That's quite the dichotomy, I know, so let's deal with each half individually.
MIlls did not do anything to get fired except lose games. This team, as presently assembled, was also not meant to win games. Since Mills has been the skipper here, he's lost and lost and lost players. The games have been lost, too, but it's not like a tactical genius could have done much better.
No, Mills just did what anyone in an impossible situation would do. He kept his head up, kept his integrity up and took care of his players. When you hear about a players' manager, it's a guy like Mills. He may not have always played the guys like we might have liked, burying young guys in slumps, etc. But, he always had their backs and cared a lot about how they played. The losses the past few seasons were rough on him.
If you want an example of his character, look at his quotes from last night. The losing stung, every single time he got a question about it. And yet, at this point in his abject professional failure, what does he do? He brings up how bad he feels about the other two guys on his staff who got fired. He wasn't throwing a pity party, he just felt bad for letting those guys down.
This also doesn't mean Mills won't be a good manager someday. Being a great manager is about experience, yes, but its's also about the situation. Would Larry Dierker have been as good without those late '90s teams? Even Joe Torre, who was brilliant when in charge of the Yankees, struggled with the Cardinals before that and with the Dodgers afterwards.
Maybe it just takes some time to figure out how to be a winning manager, but maybe it takes a little luck too. When reflecting back on Mills' tenure here, I wonder if he'll have a second job as successful as Phil Garner did here in Houston. Garner lost a bunch in Detroit, but he was the right guy for the job in 2005 and Houston would not have gotten to the World Series without him. Mills could do that some day, given the right team and the right circumstance.
Then again, maybe he doesn't get that shot. In a job with only 30 vacancies and a ton of guys clamoring for those jobs, failure is a pretty big black mark on the old resume. Mills couldn't control the players brought into Houston, nor could he control the teardown he saw in his three years here. He just had to go out, keep putting lineups out the best he could and hope for the best.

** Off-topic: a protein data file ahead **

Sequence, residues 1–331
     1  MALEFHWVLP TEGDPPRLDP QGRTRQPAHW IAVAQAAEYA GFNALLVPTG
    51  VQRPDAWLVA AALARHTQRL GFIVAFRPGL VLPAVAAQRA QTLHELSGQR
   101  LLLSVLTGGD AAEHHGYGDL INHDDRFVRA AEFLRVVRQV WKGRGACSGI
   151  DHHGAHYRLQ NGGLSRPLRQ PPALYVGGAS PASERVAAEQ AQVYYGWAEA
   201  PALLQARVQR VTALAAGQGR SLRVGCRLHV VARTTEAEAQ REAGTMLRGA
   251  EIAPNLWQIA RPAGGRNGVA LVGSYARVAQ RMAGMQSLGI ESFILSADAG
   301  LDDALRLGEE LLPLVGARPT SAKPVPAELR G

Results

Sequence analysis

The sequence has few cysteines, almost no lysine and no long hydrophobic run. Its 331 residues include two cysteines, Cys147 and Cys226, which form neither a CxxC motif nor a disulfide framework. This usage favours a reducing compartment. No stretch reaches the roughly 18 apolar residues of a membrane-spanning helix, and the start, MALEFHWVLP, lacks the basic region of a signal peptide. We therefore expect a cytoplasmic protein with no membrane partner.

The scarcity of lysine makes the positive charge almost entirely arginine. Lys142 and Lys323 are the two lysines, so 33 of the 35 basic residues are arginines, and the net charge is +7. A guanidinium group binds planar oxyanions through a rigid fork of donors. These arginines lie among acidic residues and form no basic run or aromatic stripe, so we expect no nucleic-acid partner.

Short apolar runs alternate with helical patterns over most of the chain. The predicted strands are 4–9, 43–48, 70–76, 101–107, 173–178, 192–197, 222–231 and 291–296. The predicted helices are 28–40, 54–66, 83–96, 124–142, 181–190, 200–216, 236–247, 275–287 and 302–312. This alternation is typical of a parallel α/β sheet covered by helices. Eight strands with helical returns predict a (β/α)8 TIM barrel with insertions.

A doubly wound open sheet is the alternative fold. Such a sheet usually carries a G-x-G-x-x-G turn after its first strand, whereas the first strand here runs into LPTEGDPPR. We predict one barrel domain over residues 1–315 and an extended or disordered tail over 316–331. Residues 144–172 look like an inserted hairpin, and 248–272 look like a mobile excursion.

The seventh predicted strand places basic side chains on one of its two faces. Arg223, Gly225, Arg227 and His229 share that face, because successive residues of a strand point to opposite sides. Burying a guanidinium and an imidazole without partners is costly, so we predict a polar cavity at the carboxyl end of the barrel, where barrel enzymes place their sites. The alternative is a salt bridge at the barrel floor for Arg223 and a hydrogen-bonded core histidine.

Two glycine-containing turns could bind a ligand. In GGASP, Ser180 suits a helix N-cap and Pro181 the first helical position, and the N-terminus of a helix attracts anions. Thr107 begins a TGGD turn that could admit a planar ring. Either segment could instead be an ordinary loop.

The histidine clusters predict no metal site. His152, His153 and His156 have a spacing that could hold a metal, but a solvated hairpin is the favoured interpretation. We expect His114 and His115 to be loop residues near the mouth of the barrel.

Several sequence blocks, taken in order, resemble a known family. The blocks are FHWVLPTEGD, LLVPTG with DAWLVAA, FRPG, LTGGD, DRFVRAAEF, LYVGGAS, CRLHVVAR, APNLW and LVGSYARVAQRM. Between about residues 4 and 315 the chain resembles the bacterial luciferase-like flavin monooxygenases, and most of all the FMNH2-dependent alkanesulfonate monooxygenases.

On the other hand, the Astros were absolutely justified in firing him.
The wins weren't here, even after a hot start. More damning, though, is that the young players weren't progressing. Yes, Jose Altuve has established himself as the next Placido Polanco, but J.D. Martinez failed. Jordan Lyles hasn't grown. Jordan Schafer is a part-time player. Brett Wallace can't get solid playing time. In this season, the most important thing was seeing which young guys would be here, and too many of them failed. Maybe that's about their talent, but the manager has to be held responsible there too.
That's because the front office will surely be held responsible for that won-loss record starting very soon. Jim Crane may turn a blind eye on this season, because he knew rebuilding was hard. But, pile up more 100-loss seasons and Jeff Luhnow and Co. risk coming under considerable (and justified) criticism themselves.
You wonder why Luhnow has suddenly been making all those staff changes we figured he'd make last winter? Now's the time to make them. Starting very soon, this will be his team completely. There won't be the excuse for when he was hired. He's got a very important offseason coming up and needs to have his infrastructure in place to succeed.
Maybe he will, maybe he won't, but in a business defined by a very distinct bottom line, we'll have a great gauge for his success. The fact is, Brad Mills never had that kind of success. As decent as he is and as bad as this roster is, there still needs to be accountability. Here's hoping he lands on his feet.